Sunday, May 19, 2024
May 19, 2024

Yukon artist works on Salt Spring

Whitehorse-based artist Joyce Majiski captivated Salt Spring islanders who attended her recent artist talk at Mahon Hall, in which she described her current project called Song of the Whale.

Majiski is on the island through April for the Salt Spring Arts Council’s Artist in Residence Program, and while here she’s sculpting a 30-foot-long replica of a humpback whale skeleton out of salvaged styrofoam and plastics. Those who missed her talk on Jan. 23 — and those who attended but want to see more in person — will have the opportunity during an open studio this Friday, Jan. 31 from 10 a.m. to 4 p.m. at The Point.

Song of the Whale is a multimedia installation slated for a three-month exhibition at the Yukon Arts Centre. Majiski, who worked for 20 years as a biologist and a wilderness guide, often addresses environmental themes in her artwork. 

Majiski has lived in the Yukon since 1984 but often travels to other parts of the world. Song of the Whale has its roots in a series of residencies that Majiski set up while touring a previous body of work overseas. At that point she had been working on “the idea of north” for around five years when a water theme started to take hold. 

Reflections on sand and water that started in the Moroccan desert continued during a follow-up residency in southern Spain, where Majiski contemplated a collaboration with the ocean itself. While she abandoned the idea of having the tide leave its mark physically on paper, she still wanted to document the way the sea changes the shoreline. She did drawings, took photos and spent hours walking the beach every day. The connection to plastic waste in the ocean and the devastating impact on wildlife soon followed.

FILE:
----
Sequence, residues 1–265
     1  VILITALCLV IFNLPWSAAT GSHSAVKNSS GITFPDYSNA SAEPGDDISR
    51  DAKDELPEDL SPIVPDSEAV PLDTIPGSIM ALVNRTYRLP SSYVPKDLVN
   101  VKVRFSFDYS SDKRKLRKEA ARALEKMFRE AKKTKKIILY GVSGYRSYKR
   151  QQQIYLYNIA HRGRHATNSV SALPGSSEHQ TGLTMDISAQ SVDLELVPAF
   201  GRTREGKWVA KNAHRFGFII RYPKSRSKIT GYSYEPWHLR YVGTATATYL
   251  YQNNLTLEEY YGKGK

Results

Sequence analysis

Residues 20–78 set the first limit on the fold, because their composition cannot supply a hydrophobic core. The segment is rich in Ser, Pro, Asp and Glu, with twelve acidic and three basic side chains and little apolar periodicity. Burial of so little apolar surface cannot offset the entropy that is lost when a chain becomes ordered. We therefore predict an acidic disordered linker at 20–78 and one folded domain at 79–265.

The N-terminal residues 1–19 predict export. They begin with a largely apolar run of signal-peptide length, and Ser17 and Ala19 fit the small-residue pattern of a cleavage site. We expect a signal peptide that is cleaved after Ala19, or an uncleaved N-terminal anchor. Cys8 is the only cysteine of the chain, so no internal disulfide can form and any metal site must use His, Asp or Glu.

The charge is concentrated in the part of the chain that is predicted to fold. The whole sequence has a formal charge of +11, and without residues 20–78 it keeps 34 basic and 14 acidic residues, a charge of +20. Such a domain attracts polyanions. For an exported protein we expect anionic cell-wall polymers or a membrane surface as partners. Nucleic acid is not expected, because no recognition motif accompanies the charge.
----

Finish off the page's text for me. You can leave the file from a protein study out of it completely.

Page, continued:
Majiski is carving the foam into the whale’s skeletal pieces, modelled on an actual humpback skeleton that belongs to the Beatty Biodiversity Museum and is stored on Salt Spring by Mike deRoos and Michi Main of Cetacea Contracting, a company that specializes in marine mammal skeleton articulation. 

Carving has become simpler since Majiski has teamed up with a friend with a bandsaw who can cut the foam to the basic rib shapes, which she can then work down to finer detail with a precision knife. The fluted vertebrae are more challenging, and it can take up to two days to complete each one. 

The skin itself will be a transparent fabric made from ironing pieces of flexible plastic together. Majiski is also creating a school of herring out of clear and coloured plastics, which are either ironed or sewn together, depending on the melting properties.

The work will be suspended from the ceiling with two projectors coming in from different angles to bounce light off the reflective top surface. A recorded soundscape will contribute to the immersive experience. 

“I’ve got a composer friend helping me compose a conversation between the whales and the sea and humanity,” Majiski said, noting this will incorporate sounds from tanker traffic and underwater sonic hammering as well as the whales themselves.

For her Salt Spring residency Majiski has brought along some pieces from earlier bodies of work such as North of Myth — inspired by circumpolar travels that included a residency aboard a three-masted tall ship out of Svalbard, Norway — as well as Tales From the Tideline. Open studio days at The Point continue on March 20 and April 24.

Some of this work will be included in the SSAC exhibition Against the Current, which shows at Mahon Hall Feb. 14-23. Majiski will be also offering an arts council workshop on how to make a mixed-media accordion book on Feb. 22 and 23. 

For more on this story, see the Jan. 29, 2020 issue of the Gulf Islands Driftwood newspaper, or subscribe online.

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